Force control in the absence of visual and tactile feedback

Winfred Mugge*, David A. Abbink, Alfred C. Schouten, Frans C.T. Van Der Helm, J. H. Arendzen, Carel G.M. Meskers

*Corresponding author for this work

Research output: Contribution to journalArticleAcademicpeer-review

Abstract

Motor control tasks like stance or object handling require sensory feedback from proprioception, vision and touch. The distinction between tactile and proprioceptive sensors is not frequently made in dynamic motor control tasks, and if so, mostly based on signal latency. We previously found that force control tasks entail more compliant behavior than a passive, relaxed condition and by neuromuscular modeling we were able to attribute this to adaptations in proprioceptive force feedback from Golgi tendon organs. This required the assumption that both tactile and visual feedback are too slow to explain the measured adaptations in face of unpredictable force perturbations. Although this assumption was shown to hold using model simulations, so far no experimental data is available to validate it. Here we applied a systematic approach using continuous perturbations and engineering analyses to provide experimental evidence for the hypothesis that motor control adaptation in force control tasks can be achieved using proprioceptive feedback only. Varying task instruction resulted in substantial adaptations in neuromuscular behavior, which persisted after eliminating visual and/or tactile feedback by a nerve block of the nervus plantaris medialis. It is concluded that proprioception adapts dynamic human ankle motor control even in the absence of visual and tactile feedback.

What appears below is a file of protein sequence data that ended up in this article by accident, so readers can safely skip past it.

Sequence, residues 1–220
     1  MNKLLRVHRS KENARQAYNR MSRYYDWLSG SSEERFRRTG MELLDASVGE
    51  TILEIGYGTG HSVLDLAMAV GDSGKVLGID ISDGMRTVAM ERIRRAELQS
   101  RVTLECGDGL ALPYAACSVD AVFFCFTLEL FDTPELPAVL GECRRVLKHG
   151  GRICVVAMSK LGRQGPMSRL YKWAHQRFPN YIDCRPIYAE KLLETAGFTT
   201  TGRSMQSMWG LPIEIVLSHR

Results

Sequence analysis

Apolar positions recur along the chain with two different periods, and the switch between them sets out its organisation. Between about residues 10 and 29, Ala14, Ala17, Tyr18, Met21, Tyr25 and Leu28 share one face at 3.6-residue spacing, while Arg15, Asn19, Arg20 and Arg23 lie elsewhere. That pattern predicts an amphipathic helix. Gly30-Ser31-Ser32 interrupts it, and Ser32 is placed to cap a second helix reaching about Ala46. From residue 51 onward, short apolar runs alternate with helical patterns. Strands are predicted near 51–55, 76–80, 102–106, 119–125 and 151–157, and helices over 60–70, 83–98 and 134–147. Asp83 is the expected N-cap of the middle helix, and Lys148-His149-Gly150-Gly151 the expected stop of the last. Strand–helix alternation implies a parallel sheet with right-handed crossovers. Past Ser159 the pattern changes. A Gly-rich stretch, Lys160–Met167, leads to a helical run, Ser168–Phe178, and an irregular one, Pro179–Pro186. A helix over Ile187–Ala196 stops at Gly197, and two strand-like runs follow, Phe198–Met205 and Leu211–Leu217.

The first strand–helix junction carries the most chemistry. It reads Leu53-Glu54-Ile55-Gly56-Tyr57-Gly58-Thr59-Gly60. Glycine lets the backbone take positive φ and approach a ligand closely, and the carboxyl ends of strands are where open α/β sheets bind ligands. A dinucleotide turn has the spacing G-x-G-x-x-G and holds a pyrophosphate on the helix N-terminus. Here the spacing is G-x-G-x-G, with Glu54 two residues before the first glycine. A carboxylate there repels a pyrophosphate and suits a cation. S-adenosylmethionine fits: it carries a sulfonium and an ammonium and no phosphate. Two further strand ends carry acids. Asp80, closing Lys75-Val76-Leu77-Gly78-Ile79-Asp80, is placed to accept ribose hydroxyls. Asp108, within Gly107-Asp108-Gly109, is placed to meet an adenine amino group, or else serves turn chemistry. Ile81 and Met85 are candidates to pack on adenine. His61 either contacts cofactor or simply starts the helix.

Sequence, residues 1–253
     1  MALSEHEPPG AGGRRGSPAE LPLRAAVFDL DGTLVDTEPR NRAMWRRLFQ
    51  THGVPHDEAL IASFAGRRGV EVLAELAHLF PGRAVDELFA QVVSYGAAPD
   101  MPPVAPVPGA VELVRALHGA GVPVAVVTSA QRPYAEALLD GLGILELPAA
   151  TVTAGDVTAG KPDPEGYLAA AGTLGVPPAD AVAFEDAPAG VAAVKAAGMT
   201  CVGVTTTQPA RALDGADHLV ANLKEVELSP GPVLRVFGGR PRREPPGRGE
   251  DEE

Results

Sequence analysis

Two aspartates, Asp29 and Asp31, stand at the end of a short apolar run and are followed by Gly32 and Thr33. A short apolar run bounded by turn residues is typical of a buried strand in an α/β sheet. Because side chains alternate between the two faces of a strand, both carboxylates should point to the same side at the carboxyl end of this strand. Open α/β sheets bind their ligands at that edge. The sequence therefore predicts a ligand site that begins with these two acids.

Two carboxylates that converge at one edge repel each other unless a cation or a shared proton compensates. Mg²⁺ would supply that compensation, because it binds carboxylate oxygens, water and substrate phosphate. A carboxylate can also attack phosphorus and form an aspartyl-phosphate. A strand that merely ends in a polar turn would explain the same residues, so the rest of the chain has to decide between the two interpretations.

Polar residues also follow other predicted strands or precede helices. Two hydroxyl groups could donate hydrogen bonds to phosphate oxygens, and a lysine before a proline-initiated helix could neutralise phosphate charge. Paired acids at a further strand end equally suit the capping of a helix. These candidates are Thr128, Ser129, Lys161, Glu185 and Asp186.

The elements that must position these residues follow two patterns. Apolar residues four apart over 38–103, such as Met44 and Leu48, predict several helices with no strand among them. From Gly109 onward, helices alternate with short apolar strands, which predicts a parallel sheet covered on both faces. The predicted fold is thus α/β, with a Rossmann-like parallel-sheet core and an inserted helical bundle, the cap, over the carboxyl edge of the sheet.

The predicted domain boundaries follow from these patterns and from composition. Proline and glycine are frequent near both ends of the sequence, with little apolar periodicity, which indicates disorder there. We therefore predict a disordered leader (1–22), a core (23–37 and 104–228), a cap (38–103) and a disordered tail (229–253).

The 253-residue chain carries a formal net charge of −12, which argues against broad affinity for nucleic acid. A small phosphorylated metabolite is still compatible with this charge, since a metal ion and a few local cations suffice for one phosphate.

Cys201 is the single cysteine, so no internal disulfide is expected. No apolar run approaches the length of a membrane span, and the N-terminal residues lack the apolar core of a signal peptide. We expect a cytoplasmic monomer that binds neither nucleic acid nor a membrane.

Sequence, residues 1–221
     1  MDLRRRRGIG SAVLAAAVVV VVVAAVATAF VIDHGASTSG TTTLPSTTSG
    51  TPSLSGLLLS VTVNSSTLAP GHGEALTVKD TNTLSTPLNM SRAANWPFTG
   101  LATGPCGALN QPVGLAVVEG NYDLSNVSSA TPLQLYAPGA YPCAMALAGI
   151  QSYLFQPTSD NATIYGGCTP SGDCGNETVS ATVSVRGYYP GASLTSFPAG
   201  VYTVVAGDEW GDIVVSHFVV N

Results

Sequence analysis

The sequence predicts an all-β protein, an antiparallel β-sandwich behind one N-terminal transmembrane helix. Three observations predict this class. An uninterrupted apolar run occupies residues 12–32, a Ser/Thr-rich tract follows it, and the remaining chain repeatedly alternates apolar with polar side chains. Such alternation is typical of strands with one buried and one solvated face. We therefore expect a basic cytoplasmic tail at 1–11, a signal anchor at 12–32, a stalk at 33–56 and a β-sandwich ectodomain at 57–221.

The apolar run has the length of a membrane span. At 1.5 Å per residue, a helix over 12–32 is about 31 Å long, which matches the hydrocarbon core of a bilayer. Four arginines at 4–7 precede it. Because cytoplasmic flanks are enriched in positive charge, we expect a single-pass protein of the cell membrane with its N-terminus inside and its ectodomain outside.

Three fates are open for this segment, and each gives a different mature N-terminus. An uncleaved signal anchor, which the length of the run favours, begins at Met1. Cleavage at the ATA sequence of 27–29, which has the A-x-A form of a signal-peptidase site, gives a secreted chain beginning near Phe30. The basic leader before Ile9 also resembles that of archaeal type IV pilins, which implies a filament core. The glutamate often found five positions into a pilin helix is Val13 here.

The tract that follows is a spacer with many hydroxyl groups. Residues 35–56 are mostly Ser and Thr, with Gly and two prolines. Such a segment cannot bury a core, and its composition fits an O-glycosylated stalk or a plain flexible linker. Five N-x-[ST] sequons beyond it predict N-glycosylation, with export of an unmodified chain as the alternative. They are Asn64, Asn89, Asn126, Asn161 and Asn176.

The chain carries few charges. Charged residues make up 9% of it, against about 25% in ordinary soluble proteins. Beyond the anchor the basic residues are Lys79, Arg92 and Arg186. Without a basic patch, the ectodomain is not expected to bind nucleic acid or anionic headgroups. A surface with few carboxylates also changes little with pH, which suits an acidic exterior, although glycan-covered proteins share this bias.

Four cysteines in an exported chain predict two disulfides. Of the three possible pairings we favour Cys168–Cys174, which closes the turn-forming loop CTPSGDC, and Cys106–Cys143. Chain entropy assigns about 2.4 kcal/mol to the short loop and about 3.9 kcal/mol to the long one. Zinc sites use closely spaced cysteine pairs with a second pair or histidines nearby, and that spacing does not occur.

Original languageEnglish
Pages (from-to)635-645
Number of pages11
JournalExperimental Brain Research
Volume224
Issue number4
DOIs
Publication statusPublished - 1 Feb 2013

Cite this

Mugge, W., Abbink, D. A., Schouten, A. C., Van Der Helm, F. C. T., Arendzen, J. H., & Meskers, C. G. M. (2013). Force control in the absence of visual and tactile feedback. Experimental Brain Research, 224(4), 635-645. https://doi.org/10.1007/s00221-012-3341-z